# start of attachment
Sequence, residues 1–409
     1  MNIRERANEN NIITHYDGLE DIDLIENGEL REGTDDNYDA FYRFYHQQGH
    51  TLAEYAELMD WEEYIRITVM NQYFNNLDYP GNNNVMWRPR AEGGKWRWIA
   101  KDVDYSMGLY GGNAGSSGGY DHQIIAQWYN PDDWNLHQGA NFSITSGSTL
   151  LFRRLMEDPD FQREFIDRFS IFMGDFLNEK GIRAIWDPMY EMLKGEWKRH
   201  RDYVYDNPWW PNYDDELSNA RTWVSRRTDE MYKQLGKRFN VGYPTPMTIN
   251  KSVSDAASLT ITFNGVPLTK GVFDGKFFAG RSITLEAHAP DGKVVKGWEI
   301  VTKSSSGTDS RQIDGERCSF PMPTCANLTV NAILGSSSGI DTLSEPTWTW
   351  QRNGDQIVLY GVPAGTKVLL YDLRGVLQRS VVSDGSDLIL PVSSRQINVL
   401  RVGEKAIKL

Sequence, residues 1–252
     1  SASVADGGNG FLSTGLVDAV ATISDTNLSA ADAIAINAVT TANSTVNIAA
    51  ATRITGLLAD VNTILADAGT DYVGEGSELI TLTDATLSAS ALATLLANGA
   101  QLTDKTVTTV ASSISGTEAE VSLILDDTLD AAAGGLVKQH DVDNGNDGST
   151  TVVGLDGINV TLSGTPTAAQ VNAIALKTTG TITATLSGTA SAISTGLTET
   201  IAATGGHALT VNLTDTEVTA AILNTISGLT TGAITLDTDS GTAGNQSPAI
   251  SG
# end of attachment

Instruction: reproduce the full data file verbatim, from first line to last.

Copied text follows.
Sequence, residues 1–409
     1  MNIRERANEN NIITHYDGLE DIDLIENGEL REGTDDNYDA FYRFYHQQGH
    51  TLAEYAELMD WEEYIRITVM NQYFNNLDYP GNNNVMWRPR AEGGKWRWIA
   101  KDVDYSMGLY GGNAGSSGGY DHQIIAQWYN PDDWNLHQGA NFSITSGSTL
   151  LFRRLMEDPD FQREFIDRFS IFMGDFLNEK GIRAIWDPMY EMLKGEWKRH
   201  RDYVYDNPWW PNYDDELSNA RTWVSRRTDE MYKQLGKRFN VGYPTPMTIN
   251  KSVSDAASLT ITFNGVPLTK GVFDGKFFAG RSITLEAHAP DGKVVKGWEI
   301  VTKSSSGTDS RQIDGERCSF PMPTCANLTV NAILGSSSGI DTLSEPTWTW
   351  QRNGDQIVLY GVPAGTKVLL YDLRGVLQRS VVSDGSDLIL PVSSRQINVL
   401  RVGEKAIKL

Sequence, residues 1–252
     1  SASVADGGNG FLSTGLVDAV ATISDTNLSA ADAIAINAVT TANSTVNIAA
    51  ATRITGLLAD VNTILADAGT DYVGEGSELI TLTDATLSAS ALATLLANGA
   101  QLTDKTVTTV ASSISGTEAE VSLILDDTLD AAAGGLVKQH DVDNGNDGST
   151  TVVGLDGINV TLSGTPTAAQ VNAIALKTTG TITATLSGTA SAISTGLTET
   201  IAATGGHALT VNLTDTEVTA AILNTISGLT TGAITLDTDS GTAGNQSPAI
   251  SG